Comment: Re:I thought MSFT bought Nokia for $7 Billion (Score 4, Interesting) 66

by Uecker (#49478343) Attached to: Nokia To Buy Alcatel-Lucent for $16.6 Billion

They didn't run their mobile phone business into the ground by clinging to symbian. In fact, they had a great successor already ready: Meego. They killed themselves by: 1) switching to Windows Phone, which was already failing on the market, and at that point in time was in no way competitive 2) already declaring Symbian to be dead before they had working Windows Phones ready 3) refusing to sell the N9 in major markets also it was a clear hit and could have brought in a lot of cash 4) having Windows Phones which initially had a lot of bugs and problems 5) screwing over the few customers who bought their initial Windows phones by not upgrading to Windows Phone 8, 6) having only few very similar smartphones etc....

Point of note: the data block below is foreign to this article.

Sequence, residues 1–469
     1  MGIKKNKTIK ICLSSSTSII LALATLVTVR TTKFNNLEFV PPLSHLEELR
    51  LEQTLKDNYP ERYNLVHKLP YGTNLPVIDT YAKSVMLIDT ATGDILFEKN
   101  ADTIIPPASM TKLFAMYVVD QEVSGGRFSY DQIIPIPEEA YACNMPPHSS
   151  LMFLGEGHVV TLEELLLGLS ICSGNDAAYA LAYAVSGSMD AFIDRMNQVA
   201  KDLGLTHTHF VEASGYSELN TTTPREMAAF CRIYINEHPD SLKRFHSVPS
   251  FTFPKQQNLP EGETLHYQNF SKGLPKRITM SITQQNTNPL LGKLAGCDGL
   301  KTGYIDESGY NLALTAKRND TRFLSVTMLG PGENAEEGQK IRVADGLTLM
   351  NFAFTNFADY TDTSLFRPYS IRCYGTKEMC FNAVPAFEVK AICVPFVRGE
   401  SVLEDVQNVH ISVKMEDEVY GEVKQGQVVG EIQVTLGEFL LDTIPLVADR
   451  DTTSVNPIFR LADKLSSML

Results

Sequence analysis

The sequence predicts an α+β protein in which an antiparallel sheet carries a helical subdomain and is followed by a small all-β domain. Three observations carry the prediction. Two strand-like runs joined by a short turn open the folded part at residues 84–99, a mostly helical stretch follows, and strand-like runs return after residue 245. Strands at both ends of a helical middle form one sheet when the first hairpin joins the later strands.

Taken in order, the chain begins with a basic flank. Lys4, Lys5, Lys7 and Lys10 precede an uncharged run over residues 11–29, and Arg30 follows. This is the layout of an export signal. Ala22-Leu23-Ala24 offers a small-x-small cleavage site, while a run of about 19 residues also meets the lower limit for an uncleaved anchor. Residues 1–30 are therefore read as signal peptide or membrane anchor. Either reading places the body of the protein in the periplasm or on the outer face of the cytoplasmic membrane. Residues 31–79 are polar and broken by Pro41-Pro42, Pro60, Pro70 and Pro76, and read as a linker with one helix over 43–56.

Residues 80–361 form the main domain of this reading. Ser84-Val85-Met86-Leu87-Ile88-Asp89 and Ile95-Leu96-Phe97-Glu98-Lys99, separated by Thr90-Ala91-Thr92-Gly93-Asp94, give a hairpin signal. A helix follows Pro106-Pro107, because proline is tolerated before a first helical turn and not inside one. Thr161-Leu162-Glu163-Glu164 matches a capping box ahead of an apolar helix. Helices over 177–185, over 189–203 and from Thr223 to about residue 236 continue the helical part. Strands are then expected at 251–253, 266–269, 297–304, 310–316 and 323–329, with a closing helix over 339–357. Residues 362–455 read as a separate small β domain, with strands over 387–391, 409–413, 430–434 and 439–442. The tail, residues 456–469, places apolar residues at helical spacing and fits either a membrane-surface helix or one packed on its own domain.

Comment: Re:Soon this will be impossible (Score 2) 229

Yes, it is still no match, but you are confusing specs with design. If one looks at the values from the TOP 500, it doesn't seem to perform bad. In the LINPACK benchmark it comes much closer to the theoretical value than other systems. To me, this is a sign of a very good design. The processor is said to be inspired by alpha. My point is: China is already building supercomputers using their own processors... They are catching up.

Comment: Re:At least Microsoft and Slashdot listen to users (Score 1) 236

by Uecker (#49264319) Attached to: Microsoft Has Received 1 Million Pieces of Feedback For Windows 10